65. 65.
    Thompson, P.M., et al.: The enigma consortium: large-scale collaborative analyses of neuroimaging and genetic data. Brain Imaging Behav. 8(2), 153–182 (2014)CrossRefGoogle Scholar
  66. 66.
    Wang, J., et al.: Magnetic resonance imaging of glucose uptake and metabolism in patients with head and neck cancer. Sci. Rep. 6, 30618 (2016)CrossRefGoogle Scholar
  67. 67.
    Yaneske, E., Angione, C.: The poly-omics of ageing through individual-based metabolic modelling. BMC Bioinform. 19(14), 415 (2018)CrossRefGoogle Scholar
  68. 68.
    Yang, H., Rudin, C., Seltzer, M.: Scalable Bayesian rule lists. arXiv preprint arXiv:1602.08610 (2016)
  69. 69.
    Zampieri, G., Vijayakumar, S., Yaneske, E., Angione, C.: Machine and deep learning meet genome-scale metabolic modeling. PLoS Comput. Biol. 15(7), e1007084 (2019)CrossRefGoogle Scholar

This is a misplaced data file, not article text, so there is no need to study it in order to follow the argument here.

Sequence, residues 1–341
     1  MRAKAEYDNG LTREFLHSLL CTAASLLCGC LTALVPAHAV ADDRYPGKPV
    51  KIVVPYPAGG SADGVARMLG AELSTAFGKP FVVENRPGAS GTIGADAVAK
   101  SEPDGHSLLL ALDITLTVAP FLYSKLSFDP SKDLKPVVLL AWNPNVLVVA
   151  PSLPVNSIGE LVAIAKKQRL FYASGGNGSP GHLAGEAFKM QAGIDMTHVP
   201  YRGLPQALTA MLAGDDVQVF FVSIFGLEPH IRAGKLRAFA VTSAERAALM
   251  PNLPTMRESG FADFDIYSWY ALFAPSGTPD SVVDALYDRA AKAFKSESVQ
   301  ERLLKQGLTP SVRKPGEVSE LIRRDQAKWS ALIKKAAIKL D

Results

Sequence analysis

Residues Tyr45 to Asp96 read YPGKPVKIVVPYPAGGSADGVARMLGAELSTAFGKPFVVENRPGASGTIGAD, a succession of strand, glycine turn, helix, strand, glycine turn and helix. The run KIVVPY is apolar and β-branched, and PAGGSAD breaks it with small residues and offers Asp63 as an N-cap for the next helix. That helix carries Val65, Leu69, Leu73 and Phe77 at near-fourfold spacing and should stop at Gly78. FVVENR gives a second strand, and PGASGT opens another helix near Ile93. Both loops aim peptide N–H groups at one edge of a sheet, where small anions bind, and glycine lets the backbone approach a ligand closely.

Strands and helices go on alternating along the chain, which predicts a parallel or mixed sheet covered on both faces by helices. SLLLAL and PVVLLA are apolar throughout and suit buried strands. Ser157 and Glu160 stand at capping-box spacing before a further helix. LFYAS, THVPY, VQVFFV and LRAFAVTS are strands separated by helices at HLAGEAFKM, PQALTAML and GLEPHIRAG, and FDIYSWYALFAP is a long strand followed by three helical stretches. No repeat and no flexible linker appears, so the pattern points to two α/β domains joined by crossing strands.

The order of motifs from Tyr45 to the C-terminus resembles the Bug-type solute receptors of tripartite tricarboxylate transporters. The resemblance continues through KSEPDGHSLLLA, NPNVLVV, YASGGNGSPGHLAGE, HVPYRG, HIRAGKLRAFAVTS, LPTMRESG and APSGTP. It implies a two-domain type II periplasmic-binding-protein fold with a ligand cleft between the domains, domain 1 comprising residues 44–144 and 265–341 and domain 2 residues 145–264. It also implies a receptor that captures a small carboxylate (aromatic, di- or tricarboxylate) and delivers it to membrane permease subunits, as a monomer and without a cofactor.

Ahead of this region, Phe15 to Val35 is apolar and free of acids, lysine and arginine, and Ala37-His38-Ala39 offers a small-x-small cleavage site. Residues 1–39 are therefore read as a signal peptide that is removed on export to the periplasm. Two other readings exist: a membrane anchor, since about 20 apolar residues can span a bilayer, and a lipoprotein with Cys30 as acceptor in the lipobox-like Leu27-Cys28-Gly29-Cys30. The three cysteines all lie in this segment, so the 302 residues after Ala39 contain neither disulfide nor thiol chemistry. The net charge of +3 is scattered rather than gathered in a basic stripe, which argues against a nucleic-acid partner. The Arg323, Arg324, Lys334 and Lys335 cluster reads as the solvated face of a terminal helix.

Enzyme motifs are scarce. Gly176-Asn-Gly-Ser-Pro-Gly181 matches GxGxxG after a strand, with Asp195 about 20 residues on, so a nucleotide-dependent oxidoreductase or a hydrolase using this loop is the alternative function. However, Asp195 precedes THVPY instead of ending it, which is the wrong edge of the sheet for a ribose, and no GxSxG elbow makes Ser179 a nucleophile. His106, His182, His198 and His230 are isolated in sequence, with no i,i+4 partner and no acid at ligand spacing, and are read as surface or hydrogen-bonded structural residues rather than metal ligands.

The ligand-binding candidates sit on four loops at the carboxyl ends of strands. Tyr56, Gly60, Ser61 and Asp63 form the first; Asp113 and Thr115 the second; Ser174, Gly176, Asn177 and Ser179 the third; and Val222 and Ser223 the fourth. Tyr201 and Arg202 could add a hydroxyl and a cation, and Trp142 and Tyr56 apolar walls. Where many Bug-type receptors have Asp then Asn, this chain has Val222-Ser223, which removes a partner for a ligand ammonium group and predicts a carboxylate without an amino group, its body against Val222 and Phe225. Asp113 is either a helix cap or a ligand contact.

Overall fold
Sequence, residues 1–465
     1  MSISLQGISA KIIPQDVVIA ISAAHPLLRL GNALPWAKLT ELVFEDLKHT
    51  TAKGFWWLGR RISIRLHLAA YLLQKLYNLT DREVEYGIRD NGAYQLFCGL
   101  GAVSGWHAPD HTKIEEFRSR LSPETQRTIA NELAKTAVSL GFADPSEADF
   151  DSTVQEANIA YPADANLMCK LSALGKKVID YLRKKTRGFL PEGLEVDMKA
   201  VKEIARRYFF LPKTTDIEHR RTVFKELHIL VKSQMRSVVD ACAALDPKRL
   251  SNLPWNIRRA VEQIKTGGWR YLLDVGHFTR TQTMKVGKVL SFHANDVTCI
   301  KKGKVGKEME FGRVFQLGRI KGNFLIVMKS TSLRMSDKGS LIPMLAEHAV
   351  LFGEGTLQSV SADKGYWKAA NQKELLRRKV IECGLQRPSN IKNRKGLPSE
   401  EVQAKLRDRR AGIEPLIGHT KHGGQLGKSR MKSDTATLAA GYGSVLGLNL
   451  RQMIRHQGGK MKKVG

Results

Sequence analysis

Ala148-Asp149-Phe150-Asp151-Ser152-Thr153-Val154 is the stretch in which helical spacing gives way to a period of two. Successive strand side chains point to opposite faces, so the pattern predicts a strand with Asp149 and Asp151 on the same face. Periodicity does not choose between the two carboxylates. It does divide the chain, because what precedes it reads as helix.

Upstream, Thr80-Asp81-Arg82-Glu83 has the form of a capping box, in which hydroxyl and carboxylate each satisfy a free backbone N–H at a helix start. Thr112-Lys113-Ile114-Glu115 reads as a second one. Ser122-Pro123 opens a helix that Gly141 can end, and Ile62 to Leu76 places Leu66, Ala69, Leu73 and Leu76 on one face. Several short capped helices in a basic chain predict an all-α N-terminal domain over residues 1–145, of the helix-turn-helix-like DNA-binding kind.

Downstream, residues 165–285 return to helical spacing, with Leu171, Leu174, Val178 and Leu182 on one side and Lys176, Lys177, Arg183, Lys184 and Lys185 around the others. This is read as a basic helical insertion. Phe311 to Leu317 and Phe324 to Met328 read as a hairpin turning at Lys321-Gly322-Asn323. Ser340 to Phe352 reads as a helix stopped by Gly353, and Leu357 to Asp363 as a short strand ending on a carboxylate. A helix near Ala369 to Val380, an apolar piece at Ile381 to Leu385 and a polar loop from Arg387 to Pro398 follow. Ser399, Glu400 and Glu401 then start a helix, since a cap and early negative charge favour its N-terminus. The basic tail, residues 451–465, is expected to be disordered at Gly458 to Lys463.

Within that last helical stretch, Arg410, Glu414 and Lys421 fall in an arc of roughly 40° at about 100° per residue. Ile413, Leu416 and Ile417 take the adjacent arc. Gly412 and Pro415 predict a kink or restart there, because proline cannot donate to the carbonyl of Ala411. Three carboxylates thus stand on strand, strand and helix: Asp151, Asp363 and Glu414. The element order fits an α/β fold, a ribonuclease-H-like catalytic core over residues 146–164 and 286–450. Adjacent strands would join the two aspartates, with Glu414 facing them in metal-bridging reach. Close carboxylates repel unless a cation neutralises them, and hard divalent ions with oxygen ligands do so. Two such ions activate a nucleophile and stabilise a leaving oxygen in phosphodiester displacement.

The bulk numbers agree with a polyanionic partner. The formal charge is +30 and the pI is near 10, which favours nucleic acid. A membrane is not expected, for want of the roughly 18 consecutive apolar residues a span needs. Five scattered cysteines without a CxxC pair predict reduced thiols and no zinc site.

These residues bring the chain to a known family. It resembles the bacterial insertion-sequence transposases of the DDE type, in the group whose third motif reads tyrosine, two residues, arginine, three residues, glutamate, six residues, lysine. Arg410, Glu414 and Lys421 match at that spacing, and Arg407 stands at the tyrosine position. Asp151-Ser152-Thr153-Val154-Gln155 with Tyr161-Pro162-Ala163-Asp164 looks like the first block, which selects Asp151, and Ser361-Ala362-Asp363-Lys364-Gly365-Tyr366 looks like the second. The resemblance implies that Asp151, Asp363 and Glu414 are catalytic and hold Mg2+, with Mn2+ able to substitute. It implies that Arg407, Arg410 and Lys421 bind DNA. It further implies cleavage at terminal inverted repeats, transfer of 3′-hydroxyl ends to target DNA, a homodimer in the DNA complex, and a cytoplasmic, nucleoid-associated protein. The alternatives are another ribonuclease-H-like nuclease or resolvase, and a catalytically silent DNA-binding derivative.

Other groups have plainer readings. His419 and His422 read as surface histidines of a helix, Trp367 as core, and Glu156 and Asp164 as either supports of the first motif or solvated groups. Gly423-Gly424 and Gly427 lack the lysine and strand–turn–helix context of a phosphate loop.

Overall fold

70. 70.
    Zhang, X., et al.: PET/MR imaging: new frontier in Alzheimer’s disease and other dementias. Front. Mol. Neurosci. 10, 343 (2017)CrossRefGoogle Scholar
  71. 71.
    Zhou, T., Ruan, S., Canu, S.: A review: deep learning for medical image segmentation using multi-modality fusion. Array 3–4, 100004 (2019)CrossRefGoogle Scholar

Copyright information

© Springer Nature Switzerland AG 2020

Authors and Affiliations

  1. 1.Department of PathologyFaculdade de Medicina Universidade de Sao PauloSão PauloBrazil
  2. 2.HCI-KDD, Holzinger Group, Institute for Medical Informatics and StatisticsMedical University of GrazGrazAustria
  3. 3.Department of Cognitive Linguistic and Psychological SciencesCarney Institute for Brain Science, Brown UniversityProvidenceUSA
  4. 4.Department of Computer Science and Information SystemsTeesside UniversityMiddlesbroughUK
  5. 5.Healthcare Innovation CentreTeesside UniversityMiddlesbroughUK

Personalised recommendations